HIIT – I know it sounds like something violent (it kinda is) or like some kind of special ops team (it’s definitely not that). Little did we all know, it’s actually an AMAZING weapon to have in your fitness arsenal.

HIIT stands for High Intensity Interval Training. HIIT comes in many forms: circuits, running, cycling, and there are even entire fitness classes devoted to HIIT now! The essence of what you will do during HIIT sessions is you’ll ‘max out’ your body for a short period of time, followed by a short period of more moderate activity. I personally like to do my HIIT on a stationary bike, and I do 30 seconds of sprinting followed by 30 seconds of normal-speed biking, and repeat. During the sprint phase, you’re basically supposed to push yourself so hard that you wouldn’t be physically capable of maintaining that intensity for longer than about 30 seconds to a minute. And let me tell you – you will sweat. Like. Crazy.

One of the nice things about HIIT is that it takes only a short time to complete, and you get allllll the cardio benefits. I can usually complete my HIIT workout in about 16 minutes (meaning I’ll do 16 30-second sprints and 16 30-second rest periods), and that does the trick.

One of the questions people often as is: why? What are the benefits of doing HIIT vs. just going for a regular old run or bike ride? Turns out, according to mounting research data, there are actually a ton of benefits! New research actually shows that doing HIIT workouts can help to slow your body’s aging process (as it pertains to how your body creates and uses energy) at a cellular level, which is pretty freakin’ cool. Additionally, HIIT has a lasting effect on your metabolism, meaning that if you do a HIIT session in the morning, the calorie-burning effects will last all day. The quick time frame is also a selling point for people who are looking to get in a good workout but don’t have a lot of time to devote to it.

On a personal note, I have found HIIT to be super beneficial. I often opt to do fasted HIIT (meaning I do it first thing in the morning before I eat breakfast) and have really seen results that way. I shied away from integrating HIIT for a long time, but once I started I realize how effective it was for leaning out and losing weight. (It should be noted that you don’t have to do fasted HIIT to reap the benefits – there are just some studies that suggest you burn more fat when you do fasted cardio vs. doing it later in the day. Either way you’ll get great results!) I usually try to do 1-2 morning HIIT sessions per week, and then I’ll incorporate some other form of exercise in the evening, whether that be LISS (low intensity sustained state – basically walking) or resistance workouts. I’m not really a morning person (although I’m working on it) so HIIT is a great way for me to get my workout in before work without having to wake up at 5am. (Hard pass on that one.)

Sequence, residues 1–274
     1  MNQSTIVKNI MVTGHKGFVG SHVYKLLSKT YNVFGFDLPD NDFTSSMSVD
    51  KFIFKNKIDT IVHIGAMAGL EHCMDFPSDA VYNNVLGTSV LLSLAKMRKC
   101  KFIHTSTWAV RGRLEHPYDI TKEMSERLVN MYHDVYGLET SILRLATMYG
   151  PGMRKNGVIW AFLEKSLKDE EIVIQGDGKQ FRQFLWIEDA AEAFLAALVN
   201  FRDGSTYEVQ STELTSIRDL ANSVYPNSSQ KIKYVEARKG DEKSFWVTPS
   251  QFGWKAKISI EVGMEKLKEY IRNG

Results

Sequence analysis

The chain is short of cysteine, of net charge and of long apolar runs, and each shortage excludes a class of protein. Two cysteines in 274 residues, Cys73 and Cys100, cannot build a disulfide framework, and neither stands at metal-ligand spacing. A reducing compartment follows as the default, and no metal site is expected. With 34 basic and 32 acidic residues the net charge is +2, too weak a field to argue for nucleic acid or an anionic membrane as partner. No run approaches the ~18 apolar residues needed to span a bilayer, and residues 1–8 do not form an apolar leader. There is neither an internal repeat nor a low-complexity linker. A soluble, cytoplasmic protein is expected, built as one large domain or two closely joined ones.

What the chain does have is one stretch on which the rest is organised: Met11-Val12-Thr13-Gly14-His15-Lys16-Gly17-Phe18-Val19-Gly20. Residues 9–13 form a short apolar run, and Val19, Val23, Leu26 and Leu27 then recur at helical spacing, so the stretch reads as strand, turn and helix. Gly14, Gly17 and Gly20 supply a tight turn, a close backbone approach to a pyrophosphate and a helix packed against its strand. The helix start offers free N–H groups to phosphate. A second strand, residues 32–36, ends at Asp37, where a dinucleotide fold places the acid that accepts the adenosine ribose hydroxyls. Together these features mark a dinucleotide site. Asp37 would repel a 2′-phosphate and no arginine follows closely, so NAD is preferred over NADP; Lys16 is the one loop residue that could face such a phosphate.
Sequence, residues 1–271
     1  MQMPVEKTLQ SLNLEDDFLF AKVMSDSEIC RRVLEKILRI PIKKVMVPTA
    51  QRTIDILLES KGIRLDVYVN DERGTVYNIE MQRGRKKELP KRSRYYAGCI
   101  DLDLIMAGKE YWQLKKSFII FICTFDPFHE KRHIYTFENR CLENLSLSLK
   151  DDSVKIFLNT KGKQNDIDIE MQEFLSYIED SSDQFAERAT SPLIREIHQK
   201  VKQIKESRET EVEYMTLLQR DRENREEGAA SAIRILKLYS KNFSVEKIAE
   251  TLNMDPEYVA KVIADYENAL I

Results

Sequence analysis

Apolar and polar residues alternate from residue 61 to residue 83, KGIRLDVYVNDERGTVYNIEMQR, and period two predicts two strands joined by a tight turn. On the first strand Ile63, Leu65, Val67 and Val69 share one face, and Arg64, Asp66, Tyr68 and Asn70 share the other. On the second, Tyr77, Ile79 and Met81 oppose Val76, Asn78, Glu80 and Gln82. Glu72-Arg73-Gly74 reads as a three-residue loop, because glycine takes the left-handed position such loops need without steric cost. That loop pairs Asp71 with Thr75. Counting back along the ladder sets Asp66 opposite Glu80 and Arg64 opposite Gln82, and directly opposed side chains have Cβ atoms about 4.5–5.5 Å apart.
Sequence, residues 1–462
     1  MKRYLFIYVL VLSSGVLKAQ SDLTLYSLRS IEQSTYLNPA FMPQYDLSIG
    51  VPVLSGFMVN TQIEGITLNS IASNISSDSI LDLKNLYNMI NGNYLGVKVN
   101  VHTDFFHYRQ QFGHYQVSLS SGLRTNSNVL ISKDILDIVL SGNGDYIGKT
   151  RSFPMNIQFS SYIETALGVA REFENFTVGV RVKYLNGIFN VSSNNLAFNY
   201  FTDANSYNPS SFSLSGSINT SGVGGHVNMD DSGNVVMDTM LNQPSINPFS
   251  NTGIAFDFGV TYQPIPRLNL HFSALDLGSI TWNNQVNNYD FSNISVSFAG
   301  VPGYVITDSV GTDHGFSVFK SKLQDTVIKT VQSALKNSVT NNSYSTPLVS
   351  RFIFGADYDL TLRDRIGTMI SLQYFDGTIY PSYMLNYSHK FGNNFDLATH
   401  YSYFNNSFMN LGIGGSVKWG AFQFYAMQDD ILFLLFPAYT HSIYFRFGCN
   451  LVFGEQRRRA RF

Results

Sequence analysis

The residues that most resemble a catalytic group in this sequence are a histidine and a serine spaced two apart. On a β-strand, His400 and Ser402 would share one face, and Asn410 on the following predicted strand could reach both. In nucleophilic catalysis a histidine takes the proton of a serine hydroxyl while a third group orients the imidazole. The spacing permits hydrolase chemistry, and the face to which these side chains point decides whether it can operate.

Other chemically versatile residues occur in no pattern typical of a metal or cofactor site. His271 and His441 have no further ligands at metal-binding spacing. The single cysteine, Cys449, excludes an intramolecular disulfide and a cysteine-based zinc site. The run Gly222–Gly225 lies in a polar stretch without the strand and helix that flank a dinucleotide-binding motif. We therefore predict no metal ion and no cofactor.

I would definitely recommend looking into HIIT and adding this component to your workout regimen. As always, if you have any questions for someone who has done it (in case you haven’t already realized, I’m far from a professional, haha), feel free to leave a comment or send me an email!

Happy Thursday all, the weekend is near!
















  1. Haikal Rosli says:

    My schedule is pretty similar to yours! I do about 2-3 sessions of fasted HIIT per week and 1 steady state for recovery. But I must say that fasted HIIT is definitely challenging as opposed to when I’m filled hahaha. Everyone should totally incorporate HIIT. Great post Jess!


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